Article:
Letting go, & not



Ira Pande

I Recently turned 70 and decided it was time to start giving away some things. After all, when am I ever going to wear all those saris and shawls that are now hardly ever taken out in these Covid times? Also, it makes one happy to see others enjoy what you have gifted them from your precious hoard. However noble this may sound, I realised as I started sorting them out that I just could not bear to let go of the memories that are associated with each one. Some are gifts from beloved people long gone and even though many are in no condition to be worn, they carry such strong memories of the occasions when they were gifted that parting with them is like saying an irrevocable goodbye to those loving souls.

Ironically, I used to make so much fun of an earlier generation who were hoarders par excellence. From pins to jewellery, they could not bear to let go of anything. Yet while I could understand the attachment to gold and diamonds, it was their hoarding of useless stuff — old plastic bottles, broken clocks, jammed mixies, old X-rays — I didn’t consider treasures. Alarmed at our determined cleaning sprees, my mum-in-law started stashing her treasures in her Godrej cupboard and kept the keys firmly attached to her waist as long as she lived. It was only months after her death that we opened her personal Fort Knox and what did we find? Old letters, scraps of drawings made by some child, torn saris, old spectacle cases… the list was hilarious. We laughed then but today, as I sit in front of my own cupboard and face the dilemma of letting go, I see people like her differently.

Theirs was a generation that grew up during the great World Wars, when everything was rationed. It was natural for them to hoard and guard whatever they were able to get. Added to this was the thrift and austerity then considered public virtues. So, anything that could be retrieved and re-used was never thrown away. Torn clothes were neatly darned or recycled to extract whatever value they still had and every machine was repaired for as long as it could be made to work. I am certain you all have memories of old refrigerators that made deathly rattles as they wheezed and lasted many years, or old cars that were regularly serviced and served at least two generations of a family. As for old schoolbooks and second-hand novels, where would we all be without the joy they provided to middle class children whose parents could never find the funds to indulge their army of voracious readers?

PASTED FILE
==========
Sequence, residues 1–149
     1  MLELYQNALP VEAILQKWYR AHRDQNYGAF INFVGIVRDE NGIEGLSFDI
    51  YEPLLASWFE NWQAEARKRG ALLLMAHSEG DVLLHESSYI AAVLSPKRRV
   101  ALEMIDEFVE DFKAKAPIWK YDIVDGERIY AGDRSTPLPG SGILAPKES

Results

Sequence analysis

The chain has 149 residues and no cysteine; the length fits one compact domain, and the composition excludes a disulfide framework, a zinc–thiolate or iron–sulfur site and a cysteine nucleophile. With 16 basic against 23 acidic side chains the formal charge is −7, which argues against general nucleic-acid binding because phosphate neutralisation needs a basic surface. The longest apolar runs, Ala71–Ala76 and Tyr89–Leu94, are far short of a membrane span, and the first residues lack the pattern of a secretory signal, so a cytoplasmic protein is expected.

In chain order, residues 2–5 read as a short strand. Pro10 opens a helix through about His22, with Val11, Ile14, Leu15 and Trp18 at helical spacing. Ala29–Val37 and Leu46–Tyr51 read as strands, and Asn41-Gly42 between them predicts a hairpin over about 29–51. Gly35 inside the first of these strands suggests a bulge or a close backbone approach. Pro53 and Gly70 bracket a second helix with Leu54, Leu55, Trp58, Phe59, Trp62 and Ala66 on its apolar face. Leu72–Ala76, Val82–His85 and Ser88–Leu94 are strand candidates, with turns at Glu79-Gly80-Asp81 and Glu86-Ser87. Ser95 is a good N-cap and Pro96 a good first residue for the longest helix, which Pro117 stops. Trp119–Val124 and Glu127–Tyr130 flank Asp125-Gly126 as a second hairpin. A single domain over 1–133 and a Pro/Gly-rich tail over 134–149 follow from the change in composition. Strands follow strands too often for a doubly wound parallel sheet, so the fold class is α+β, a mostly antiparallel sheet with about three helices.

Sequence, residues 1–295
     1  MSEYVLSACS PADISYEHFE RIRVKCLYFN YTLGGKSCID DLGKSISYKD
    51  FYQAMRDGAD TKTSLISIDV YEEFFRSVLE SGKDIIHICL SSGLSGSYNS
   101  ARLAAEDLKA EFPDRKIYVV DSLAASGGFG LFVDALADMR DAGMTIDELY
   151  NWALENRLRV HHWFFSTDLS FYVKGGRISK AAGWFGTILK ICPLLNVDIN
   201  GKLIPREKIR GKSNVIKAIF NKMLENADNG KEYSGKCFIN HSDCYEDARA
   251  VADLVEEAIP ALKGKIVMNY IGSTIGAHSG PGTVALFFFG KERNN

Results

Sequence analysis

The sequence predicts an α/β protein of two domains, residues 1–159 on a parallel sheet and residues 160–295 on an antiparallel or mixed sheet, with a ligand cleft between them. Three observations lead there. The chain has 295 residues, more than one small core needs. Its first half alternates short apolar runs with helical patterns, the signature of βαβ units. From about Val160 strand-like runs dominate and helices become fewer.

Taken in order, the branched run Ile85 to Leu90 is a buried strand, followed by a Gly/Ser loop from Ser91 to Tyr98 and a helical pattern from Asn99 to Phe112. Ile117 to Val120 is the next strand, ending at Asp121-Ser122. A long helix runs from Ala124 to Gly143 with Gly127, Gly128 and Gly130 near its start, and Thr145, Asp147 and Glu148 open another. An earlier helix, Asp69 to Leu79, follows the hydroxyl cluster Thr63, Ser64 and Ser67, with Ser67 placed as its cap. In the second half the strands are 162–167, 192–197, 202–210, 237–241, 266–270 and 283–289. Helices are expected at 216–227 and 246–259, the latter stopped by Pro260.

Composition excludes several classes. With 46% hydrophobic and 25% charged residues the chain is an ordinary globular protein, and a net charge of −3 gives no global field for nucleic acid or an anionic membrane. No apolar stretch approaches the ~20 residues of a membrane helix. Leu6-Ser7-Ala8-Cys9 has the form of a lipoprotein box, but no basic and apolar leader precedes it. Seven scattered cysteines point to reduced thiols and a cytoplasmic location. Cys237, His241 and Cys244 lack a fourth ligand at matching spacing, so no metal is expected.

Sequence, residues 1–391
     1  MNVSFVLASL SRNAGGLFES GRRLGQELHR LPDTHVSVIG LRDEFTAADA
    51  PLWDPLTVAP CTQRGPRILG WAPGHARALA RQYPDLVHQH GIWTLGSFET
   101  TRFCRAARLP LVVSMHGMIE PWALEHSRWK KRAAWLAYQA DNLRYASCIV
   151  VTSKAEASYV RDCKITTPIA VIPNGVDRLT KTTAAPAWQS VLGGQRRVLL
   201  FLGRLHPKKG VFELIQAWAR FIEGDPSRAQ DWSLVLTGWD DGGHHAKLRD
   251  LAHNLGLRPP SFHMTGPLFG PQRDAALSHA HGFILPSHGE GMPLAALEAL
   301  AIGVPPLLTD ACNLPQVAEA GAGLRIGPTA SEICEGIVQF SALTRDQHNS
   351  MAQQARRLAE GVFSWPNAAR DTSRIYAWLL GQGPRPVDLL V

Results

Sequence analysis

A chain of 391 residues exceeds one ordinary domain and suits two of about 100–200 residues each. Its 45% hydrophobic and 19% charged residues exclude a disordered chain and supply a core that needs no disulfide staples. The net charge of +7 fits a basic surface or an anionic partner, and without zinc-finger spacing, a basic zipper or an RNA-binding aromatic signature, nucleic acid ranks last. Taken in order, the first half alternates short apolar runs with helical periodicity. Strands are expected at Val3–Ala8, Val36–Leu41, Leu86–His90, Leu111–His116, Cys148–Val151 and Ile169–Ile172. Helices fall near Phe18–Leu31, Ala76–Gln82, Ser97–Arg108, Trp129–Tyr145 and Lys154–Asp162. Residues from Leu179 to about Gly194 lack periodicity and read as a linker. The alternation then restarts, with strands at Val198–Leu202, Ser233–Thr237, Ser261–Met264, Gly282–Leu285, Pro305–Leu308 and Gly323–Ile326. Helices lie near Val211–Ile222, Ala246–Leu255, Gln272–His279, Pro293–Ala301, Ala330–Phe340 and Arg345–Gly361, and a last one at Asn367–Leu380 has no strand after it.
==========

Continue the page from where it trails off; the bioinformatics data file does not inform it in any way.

As the third child in my family, I don’t think I ever went to school in a uniform that had not been worn by my two older sisters or read from books that had not been decorated with comments and doodles by some cousin. At the end of the year, we carefully tore out the unused pages of our notebooks to be used as rough books or for my writer mother to write her short stories and novels on. Old envelopes were similarly re-used by turning them inside out to make lists later. Often, we wished we could throw away something but permission to do so was granted only after the object was declared unfit for further use by a family committee of wise aunts, uncles or grandparents.

I also realise now that this is how memories were carried from one generation to another and pity those children who are growing up today without the stern overseeing that our generation grew up under. The huge amount of waste that modern societies generate has drawn the attention of the world today, yet how few are willing to wear old clothes as hand-me-downs or repair machines before tossing them aside as junk. I pray that future generations will learn from the mistakes we have all made in turning our backs to doing with less.

And now for some preening about ourselves. Although I am no cricket buff and have little knowledge of the game, yet I am immensely proud of the victory of the Indian team in Australia for several reasons. First of all, for their exemplary behaviour on the field, despite the racial and bodily abuse the Aussies threw at them. Our boys not only refused to rise to the bait, but gave the arrogant Australian cricket players and fans the answer they deserved. The world applauded Indian grit and determination and the historic victory at Brisbane’s Gabba stadium, a venue where the home team had not been defeated in three decades. And look at the social composition of Team India! They were picked from villages and small clubs, had grown up playing gully matches, used tennis balls in the absence of leather ones, went to no posh schools and academies but when they played for their country, they played like the kings and princes who have played Indian cricket in the past.

This is the new India, a generation that does not get overawed by white skin, foreign locations or bad hotels. They made no demands, threw no tantrums and brought back a trophy that made us all cheer. Well done, India!



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